Friday, January 8, 2010

Friday's football picks (and other stuff)

Yes, Alabama's football team is very good, and one certainly can't say that the Tide don't deserve the national title. But Texas QB Colt McCoy's injury last night very early in the BCS national title game just flat-out took all the fun and all the magic out of that game for me. You too?

One really wanted to see McCoy, who's had a great, storied career at UT, get the chance to see what he could do against that Alabama defense. But now we'll never know.

Michigan 64, Penn State 55: One of Michigan's main problems this season so far (well, one of many) has been cold 3-point shooting. But last night the Wolverines went 7 of 12 from 3-point land in the 2nd half, and rallied from 16 down to beat the Nittany Lions. Defensively, they forced some turnovers, too. All this will have to continue to Michigan to salvage this season...

Is the recession over, as some bumbling Obama administration flacks have claimed? You be the judge:
"Lack of confidence in the economic recovery led employers to shed a more-than-expected 85,000 jobs in December even as the unemployment rate held at 10 percent. The rate would have been higher if more people had been looking for work instead of leaving the labor force because they can't find jobs."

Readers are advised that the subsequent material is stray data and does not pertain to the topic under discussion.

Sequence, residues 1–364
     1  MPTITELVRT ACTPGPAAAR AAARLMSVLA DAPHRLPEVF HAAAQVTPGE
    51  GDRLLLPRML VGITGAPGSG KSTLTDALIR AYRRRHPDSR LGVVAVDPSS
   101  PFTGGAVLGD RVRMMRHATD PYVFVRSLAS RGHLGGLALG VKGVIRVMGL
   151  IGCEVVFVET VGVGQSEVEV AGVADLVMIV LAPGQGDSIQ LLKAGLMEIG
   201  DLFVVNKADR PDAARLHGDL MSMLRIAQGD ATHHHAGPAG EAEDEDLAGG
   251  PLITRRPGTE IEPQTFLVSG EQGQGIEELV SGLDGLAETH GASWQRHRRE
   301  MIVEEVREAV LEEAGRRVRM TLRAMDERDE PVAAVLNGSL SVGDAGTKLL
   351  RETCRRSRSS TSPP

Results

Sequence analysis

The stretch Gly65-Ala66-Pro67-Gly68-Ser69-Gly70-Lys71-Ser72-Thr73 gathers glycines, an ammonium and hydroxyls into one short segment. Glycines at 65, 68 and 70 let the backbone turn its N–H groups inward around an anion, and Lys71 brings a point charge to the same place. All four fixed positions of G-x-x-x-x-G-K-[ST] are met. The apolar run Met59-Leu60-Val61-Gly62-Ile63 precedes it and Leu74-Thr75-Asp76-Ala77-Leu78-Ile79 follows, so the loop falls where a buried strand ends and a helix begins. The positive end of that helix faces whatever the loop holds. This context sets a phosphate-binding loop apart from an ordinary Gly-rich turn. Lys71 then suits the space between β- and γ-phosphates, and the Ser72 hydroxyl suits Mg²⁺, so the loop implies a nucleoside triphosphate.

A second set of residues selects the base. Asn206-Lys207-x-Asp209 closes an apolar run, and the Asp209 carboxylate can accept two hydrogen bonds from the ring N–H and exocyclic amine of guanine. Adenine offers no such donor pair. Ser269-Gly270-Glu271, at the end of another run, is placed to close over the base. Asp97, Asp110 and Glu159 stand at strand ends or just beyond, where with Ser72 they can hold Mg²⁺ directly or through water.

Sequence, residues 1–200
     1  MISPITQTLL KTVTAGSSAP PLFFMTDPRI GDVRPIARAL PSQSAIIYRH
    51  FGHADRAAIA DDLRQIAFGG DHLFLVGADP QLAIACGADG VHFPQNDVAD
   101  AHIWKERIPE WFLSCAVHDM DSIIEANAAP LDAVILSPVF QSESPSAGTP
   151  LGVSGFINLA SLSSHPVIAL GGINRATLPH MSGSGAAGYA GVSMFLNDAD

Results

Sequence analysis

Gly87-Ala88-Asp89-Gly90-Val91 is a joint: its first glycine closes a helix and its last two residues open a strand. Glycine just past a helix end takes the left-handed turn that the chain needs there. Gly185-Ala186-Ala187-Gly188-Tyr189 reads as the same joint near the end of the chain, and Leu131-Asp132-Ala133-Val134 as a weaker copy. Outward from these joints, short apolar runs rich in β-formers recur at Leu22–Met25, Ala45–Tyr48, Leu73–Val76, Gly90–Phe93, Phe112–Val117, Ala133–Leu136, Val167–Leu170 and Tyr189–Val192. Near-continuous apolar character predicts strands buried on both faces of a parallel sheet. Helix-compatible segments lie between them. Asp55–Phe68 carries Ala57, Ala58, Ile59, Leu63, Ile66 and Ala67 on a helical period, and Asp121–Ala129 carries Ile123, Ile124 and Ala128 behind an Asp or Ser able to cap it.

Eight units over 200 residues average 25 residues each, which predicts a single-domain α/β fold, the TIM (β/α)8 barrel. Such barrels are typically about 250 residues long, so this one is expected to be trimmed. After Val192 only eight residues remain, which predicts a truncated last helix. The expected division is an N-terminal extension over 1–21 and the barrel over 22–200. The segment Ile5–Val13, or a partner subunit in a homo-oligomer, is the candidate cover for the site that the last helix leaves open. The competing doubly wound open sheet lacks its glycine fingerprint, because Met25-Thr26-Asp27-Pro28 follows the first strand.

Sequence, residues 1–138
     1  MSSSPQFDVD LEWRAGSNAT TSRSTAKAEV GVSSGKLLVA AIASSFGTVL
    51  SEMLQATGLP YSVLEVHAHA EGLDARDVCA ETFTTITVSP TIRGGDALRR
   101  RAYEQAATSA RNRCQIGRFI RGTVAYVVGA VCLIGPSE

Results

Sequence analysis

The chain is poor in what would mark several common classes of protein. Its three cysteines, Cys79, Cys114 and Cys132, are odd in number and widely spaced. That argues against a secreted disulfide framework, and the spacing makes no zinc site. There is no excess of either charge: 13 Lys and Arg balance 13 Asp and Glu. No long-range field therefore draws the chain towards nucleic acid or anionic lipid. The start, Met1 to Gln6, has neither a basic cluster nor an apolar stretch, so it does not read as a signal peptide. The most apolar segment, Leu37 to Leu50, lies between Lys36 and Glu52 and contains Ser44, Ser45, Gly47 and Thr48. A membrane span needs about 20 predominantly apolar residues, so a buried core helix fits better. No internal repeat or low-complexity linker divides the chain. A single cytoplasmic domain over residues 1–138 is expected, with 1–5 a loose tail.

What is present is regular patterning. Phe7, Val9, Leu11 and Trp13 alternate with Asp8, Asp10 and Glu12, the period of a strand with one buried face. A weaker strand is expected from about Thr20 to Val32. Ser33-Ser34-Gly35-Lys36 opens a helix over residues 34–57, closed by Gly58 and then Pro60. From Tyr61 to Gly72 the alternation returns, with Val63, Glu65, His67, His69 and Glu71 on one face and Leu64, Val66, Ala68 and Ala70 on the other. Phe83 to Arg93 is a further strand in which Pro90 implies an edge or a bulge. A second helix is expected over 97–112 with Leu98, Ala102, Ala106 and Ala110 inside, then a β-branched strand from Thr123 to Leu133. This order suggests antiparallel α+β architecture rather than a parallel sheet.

Meanwhile, Democrats and the Coakley campaign continue to get nervous over that Senate campaign in Massachusetts:
"And a new poll that showed a competitive race between Ms. Coakley and Mr. Brown has generated buzz on conservative blogs and energized the Brown campaign — though many news organizations dispute its methodology. In a sudden flurry of activity, the Coakley campaign released its first television advertisement on Thursday and accepted the endorsement of Mr. Kennedy’s widow, Victoria Reggie Kennedy, at a splashy event outside Boston. A Brown win remains improbable, given that Democrats outnumber Republicans by 3 to 1 in the state and that Ms. Coakley, the state’s attorney general, has far more name recognition, money and organizational support. But a tighter-than-expected margin in the closely watched race would still prompt soul-searching among Democrats nationally, since the outcome will be the first real barometer of whether problems facing the party will play out in tangible ways at the polls later this year."

One suspects some of that "soul-searching" is going on right now, hence the Times writing about it.
By the way, so what is the biggest mistake the Obama administration is making concerning this massive health care bill? Peggy Noonan diagnoses that today, and the consequences it could have for the president: